When in Paris, do as the Parisians do — eat pastries

The next time you’re in Paris, drop your concern about carbs and surrender to sugar. The jewelry-like pastries these top-tier tastemakers turn out make it worth putting aside your intestinal fortitude for a bit of heaven.

Pierre Hermé: In this chic shop on Rue Bonaparte in the St-Germain-des-Prés neighborhood, a serious discussion is taking place between a well-dressed Frenchwoman in her mid-40s and the store clerk. The salesperson is inquiring about what cuisine and wines the hostess will be serving, the purpose of the occasion and even the dress code.

After gathering all the information he deems necessary, the merchant makes his recommendations. The hostess affirms his choices with a brief nod and, with gloved hands, he removes a selection of macarons from their place in the case and places them gently in a round box with orange piping that says simply, “Pierre Hermé.”

Panorama: 360-degree view from the Eiffel Tower

Pierre Hermé is one of several famous patisseries in Paris that have become well known for their macarons — a delicate cream-filled cookie with a crisp outer shell. Part of what has made these macarons so popular, despite their price tag of about $2.50 each, is the unusual flavor combinations, such as Arabesque, with apricot and pistachio; Mogador, made from passion fruit and milk chocolate; and Magnifique, a combination of strawberry and wasabi.

One of the top pastry chefs in Paris, Pierre Hermé has managed to marry the dense taste of an exotic cake with the light crunch of a sugar cookie — creating nothing short of a macaron movement.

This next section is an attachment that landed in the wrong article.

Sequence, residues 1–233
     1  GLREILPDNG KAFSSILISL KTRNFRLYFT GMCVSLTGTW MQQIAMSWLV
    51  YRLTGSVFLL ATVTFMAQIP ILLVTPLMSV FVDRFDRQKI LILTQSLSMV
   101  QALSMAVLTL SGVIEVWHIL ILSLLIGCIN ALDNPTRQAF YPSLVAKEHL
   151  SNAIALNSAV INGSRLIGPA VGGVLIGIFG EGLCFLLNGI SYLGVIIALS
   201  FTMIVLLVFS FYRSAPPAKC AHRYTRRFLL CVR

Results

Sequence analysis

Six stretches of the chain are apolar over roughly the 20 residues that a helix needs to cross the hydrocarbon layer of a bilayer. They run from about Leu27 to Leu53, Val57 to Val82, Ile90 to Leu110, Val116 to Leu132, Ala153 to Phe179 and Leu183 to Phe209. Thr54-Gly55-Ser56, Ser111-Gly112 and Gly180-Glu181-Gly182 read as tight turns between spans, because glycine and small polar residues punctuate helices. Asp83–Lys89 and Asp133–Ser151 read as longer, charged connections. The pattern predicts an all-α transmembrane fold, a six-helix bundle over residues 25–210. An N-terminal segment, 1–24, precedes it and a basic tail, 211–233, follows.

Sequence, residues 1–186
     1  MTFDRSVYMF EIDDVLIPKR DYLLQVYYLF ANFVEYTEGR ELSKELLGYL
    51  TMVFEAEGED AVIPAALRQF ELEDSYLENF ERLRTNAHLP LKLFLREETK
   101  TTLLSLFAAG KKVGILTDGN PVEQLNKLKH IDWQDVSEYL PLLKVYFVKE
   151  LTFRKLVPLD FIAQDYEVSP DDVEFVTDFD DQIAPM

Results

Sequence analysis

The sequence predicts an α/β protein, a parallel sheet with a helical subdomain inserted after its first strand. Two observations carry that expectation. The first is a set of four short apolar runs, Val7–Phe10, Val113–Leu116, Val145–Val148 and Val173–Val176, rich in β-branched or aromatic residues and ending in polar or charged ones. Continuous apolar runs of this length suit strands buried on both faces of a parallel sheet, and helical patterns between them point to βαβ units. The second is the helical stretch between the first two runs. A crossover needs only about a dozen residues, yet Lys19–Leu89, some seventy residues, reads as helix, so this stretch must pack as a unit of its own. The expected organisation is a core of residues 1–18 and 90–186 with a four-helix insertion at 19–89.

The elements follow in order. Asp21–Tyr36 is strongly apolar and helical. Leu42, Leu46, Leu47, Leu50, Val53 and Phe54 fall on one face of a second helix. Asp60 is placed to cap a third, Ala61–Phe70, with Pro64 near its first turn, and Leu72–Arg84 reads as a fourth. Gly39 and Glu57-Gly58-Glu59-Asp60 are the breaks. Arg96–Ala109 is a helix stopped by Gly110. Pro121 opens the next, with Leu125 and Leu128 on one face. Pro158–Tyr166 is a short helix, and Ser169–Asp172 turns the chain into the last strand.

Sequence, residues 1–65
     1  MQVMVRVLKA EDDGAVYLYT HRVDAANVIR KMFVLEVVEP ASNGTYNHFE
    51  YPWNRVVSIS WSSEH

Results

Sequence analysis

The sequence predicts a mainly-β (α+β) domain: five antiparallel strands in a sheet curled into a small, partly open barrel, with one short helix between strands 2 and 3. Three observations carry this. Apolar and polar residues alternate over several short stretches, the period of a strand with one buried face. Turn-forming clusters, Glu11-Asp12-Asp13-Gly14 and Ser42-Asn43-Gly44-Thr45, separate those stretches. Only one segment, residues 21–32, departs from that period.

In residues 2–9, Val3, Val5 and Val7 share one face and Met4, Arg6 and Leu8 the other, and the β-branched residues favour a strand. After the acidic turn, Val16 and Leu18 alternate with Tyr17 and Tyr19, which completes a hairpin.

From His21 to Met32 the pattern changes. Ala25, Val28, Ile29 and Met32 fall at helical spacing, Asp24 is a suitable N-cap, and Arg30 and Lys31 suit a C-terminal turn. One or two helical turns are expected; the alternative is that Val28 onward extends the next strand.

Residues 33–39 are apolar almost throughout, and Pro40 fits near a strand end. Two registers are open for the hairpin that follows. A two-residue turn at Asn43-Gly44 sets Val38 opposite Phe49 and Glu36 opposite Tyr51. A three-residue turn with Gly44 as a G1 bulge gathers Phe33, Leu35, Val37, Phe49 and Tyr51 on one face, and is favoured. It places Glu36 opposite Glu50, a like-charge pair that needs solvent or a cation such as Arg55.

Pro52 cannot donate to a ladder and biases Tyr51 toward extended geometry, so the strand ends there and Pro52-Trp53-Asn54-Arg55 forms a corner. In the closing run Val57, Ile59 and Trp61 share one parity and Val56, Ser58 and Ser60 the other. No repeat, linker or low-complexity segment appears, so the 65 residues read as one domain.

Café Lenôtre: David Lebovitz, an American food blogger and cookbook author living in Paris, said the French take a boutique approach to pastry. “There is not a huge selection, and things are not created to be cheap, but rather to be multilayered works of art,” said Lebovitz. “French pastries are more refined than American. You may have a mousse, a ganache, a jelly and a fruit all in one pastry.”

Nowhere is this architectural approach to pastry more apparent than at ultra-chic Café Lenôtre. The beautiful display of desserts that greets patrons upon entering any one of the nine locations throughout the city includes a Saint-Honoré cake with raspberry macarons encircling a whipped strawberry cream that conceals a strawberry compote, and a cerise sur le bonbon made from chocolate biscuits layered with chocolate mousse and cherries and swathed in chocolate molded to look like a piece of candy.

These sugary sculptures live up to their promise with tastes that are as complex as their looks. The only problem? They’re so pretty that, even at about $6 a pastry, you almost hate to eat them.

Gérard Mulot: “You can diet in your own country,” Françoise Renauldon said as she handed over a chocolate and basil muffin. The astringent basil did a fox trot on my tongue with the dark but not-too-sweet chocolate enrobed in a rich yellow cake.

Madame Renauldon is the friendly manager of Gérard Mulot, a patisserie near the apartment my husband and I rented for a week in the Marais district. We came to think of her as a pastry enabler. Every morning, as we made our way past the shop, she smiled and waved us in to have a morning treat.

The smell of fresh-baked croissants, combined with the enticing window displays featuring all manner of luscious-looking treats, rendered us helpless. Over the course of a few days, we consumed a muffin made with pistachio and cherries; a croissant aux amandes topped with crystallized sugar and smoky-flavored toasted almonds; and a tarte Tatin, whose crunchy pastry with honey, butter and caramelized sugar overtones left me speechless.

The day we left, Renauldon insisted we try a traditional French brioche sucrée as our parting pastry. More bread than cake, the yeasty, chewy interior was balanced by the slightly sweet sugar crystals on its crust. As we polished off the last bit of brioche, we said goodbye to our local pastry shop, but the sweet memory of a week eating pastry in Paris has remained.